The results of parametric studies of different tail lengths (), shorting pin locations (), and different combinations of substrate and superstrate are shown in Figures 4(a)–4(c). It is noted that when the tail length () increases, both the resonant frequency decreases and the magnitude of the reflection coefficient deteriorates. When the shorting pin moves away from the edge of the antenna, the resonance frequency increases while the magnitude of the reflection coefficient deteriorates. When material of lower permittivity, that is, Macor () or Teflon (), is used as superstrate, as expected, the resonant frequency increases. Table 2 records the simulated radiating efficiencies for five different substrates and superstrates combinations obtained from HFSS. When the antenna is placed in free space, the radiating efficiencies in far field are obtained. When the antenna is placed in 2/3 muscle block, the radiating efficiencies at 1 meter from the center of antenna are obtained. It can be found that when superstrate and substrate are both Rogers RT6010, the highest efficiencies are achieved in both cases.
When the antenna was assumed to deliver 1 W, the 1-g average specific absorption rate (SAR) distribution over the x-y plane (z = the interface between the antenna superstrate and 2/3 human muscle) is given in Figure 5. It can be noticed that the peak SAR is 2.749 W/Kg, which means to satisfy the regulated IEEE SAR limitation (1.6 W/Kg), the delivered power should not exceed 5.8 mW.
4. Antenna Fabrication, Tissue-Equivalent Liquid, and Measurements
In the experimental model, as shown in Figure 6(a), the embedded spiral-shaped microstrip implantable antenna is built by using Rogers material duroid 6010 (, tan , thickness = 1.9 mm). A 50 Ohms coaxial cable with a SubMiniature version A (SMA) connector is used to excite the antenna. The shorted pin is made by a piece of copper wire with radius 0.3 mm and the same height as the substrate thickness with both ends soldered with top microstrip and bottom ground plane, respectively. Figure 6(b) shows the final prototype of the antenna when it is wrapped by a thin film, which has permittivity close to air.
The tissue-equivalent liquid, which is made from water, sugar, NaCl, and cellulose cetylpyridinium chloride, and so forth , is used to simulate the 2/3 human muscle block. Figure 7 demonstrates the experimental setup for measuring the permittivity of tissue-equivalent liquid by using HP 85070A dielectric probe kit, which controls the network analyzer to measure the complex reflection coefficient of the material under test and then converts the reflection coefficient into the complex permittivity of the material under test. Figure 8 shows the measured permittivity results. It can be found that, at 900 MHz, the real part of the permittivity is about 35.09 which is very close to the measured result given in . From the same curve, at 403 MHz, the real part of the permittivity is 41.27, which is lower than the permittivity of the 2/3 human muscle () that we used in the simulation.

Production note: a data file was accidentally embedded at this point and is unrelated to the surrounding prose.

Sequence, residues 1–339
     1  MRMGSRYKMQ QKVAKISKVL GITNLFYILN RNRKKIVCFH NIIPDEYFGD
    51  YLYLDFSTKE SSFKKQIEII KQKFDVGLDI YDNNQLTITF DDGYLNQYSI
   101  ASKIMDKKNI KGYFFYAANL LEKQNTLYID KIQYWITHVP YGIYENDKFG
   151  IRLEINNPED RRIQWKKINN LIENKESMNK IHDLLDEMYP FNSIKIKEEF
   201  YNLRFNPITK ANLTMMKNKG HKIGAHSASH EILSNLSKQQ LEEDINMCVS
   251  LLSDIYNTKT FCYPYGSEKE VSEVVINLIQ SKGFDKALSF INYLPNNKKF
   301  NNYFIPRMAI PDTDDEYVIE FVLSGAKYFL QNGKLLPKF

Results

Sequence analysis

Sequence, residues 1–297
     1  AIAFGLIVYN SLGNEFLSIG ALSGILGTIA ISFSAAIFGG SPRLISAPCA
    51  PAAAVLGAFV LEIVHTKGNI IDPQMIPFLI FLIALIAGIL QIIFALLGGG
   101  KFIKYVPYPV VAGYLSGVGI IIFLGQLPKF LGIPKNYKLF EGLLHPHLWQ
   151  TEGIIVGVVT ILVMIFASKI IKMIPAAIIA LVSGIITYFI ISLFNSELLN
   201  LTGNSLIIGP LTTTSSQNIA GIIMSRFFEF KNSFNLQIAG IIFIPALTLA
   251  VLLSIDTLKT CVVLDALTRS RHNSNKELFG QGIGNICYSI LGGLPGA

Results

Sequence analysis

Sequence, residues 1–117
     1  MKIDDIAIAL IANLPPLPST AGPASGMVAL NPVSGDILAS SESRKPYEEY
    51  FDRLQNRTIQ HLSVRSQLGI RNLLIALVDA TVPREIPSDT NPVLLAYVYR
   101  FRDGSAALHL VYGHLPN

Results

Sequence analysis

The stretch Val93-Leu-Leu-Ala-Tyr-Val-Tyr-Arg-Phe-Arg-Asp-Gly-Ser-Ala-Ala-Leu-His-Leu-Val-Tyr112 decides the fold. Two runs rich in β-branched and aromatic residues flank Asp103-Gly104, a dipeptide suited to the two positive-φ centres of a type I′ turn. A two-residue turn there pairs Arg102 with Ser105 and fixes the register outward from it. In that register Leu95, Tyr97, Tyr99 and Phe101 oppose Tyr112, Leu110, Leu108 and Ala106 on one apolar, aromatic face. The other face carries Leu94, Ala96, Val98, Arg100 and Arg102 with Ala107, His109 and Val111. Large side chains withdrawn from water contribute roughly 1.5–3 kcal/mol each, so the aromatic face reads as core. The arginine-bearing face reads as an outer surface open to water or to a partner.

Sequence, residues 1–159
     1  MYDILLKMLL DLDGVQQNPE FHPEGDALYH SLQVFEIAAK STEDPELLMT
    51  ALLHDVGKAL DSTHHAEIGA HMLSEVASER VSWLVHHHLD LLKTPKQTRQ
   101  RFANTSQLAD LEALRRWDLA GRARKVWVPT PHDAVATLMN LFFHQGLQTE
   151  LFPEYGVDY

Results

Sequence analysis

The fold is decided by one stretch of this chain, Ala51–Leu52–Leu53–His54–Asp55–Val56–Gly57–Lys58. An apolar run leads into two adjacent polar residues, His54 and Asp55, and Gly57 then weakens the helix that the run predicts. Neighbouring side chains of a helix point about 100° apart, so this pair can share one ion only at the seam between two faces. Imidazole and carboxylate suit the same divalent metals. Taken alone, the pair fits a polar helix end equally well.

Figure 9 illustrates the experimental setup for measuring the resonant frequencies of implantable antenna. The antenna is positioned in a container filled with tissue-equivalent liquid and connected to the HP 8510C vector network analyzer. The reflection coefficients are measured in both free space and in the tissue-equivalent liquid, as shown in Figure 10. It can be noticed that the measured reflection coefficient is well matched around 403 MHz when the antenna is placed in the liquid. After adjusting the permittivity of the 2/3 human muscle blocks in HFSS simulation to the same value as the measured value of the tissue-equivalent liquid. Good agreement is achieved between simulated results and the experimental results.
A miniaturized embedded spiral-shaped microstrip antenna simulated within a block of 2/3 human muscle phantom is designed for an implanted cardiac pacemaker. This novel design not only achieves good matching at the required 403 MHz but also results in a 57% size reduction over the existing design. The reflection coefficients are measured in both free space and in the human-tissue-equivalent dielectric liquid. Good agreement is achieved between simulated results and the experimental results.
This work was supported by the National Science Foundation under Grant no. ECS-524293.
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Copyright © 2011 Wei Huang and Ahmed A. Kishk. This is an open access article distributed under the Creative Commons Attribution License, which permits unrestricted use, distribution, and reproduction in any medium, provided the original work is properly cited.